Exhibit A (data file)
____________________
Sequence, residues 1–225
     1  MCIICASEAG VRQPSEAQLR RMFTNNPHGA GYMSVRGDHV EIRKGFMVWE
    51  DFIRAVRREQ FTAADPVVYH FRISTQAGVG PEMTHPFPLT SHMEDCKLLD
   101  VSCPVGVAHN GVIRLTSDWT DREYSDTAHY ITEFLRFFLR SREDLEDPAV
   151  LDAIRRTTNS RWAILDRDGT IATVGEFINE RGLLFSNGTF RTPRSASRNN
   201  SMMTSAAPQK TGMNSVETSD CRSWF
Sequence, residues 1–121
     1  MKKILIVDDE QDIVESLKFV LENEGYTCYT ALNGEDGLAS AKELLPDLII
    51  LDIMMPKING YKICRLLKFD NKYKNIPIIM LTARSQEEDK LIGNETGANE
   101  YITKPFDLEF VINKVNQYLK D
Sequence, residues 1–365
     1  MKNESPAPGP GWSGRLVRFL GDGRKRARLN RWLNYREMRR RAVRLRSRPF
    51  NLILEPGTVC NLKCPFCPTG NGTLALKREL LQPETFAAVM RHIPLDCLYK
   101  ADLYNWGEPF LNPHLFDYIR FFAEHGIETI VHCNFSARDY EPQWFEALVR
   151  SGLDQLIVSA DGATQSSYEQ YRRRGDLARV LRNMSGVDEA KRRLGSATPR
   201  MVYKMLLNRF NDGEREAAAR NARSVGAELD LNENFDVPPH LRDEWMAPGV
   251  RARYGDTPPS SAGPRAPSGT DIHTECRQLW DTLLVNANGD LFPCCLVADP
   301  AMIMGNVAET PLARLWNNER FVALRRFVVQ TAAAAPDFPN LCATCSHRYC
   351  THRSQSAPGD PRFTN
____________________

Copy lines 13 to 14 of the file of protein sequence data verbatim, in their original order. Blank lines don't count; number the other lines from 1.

    51  NLILEPGTVC NLKCPFCPTG NGTLALKREL LQPETFAAVM RHIPLDCLYK
   101  ADLYNWGEPF LNPHLFDYIR FFAEHGIETI VHCNFSARDY EPQWFEALVR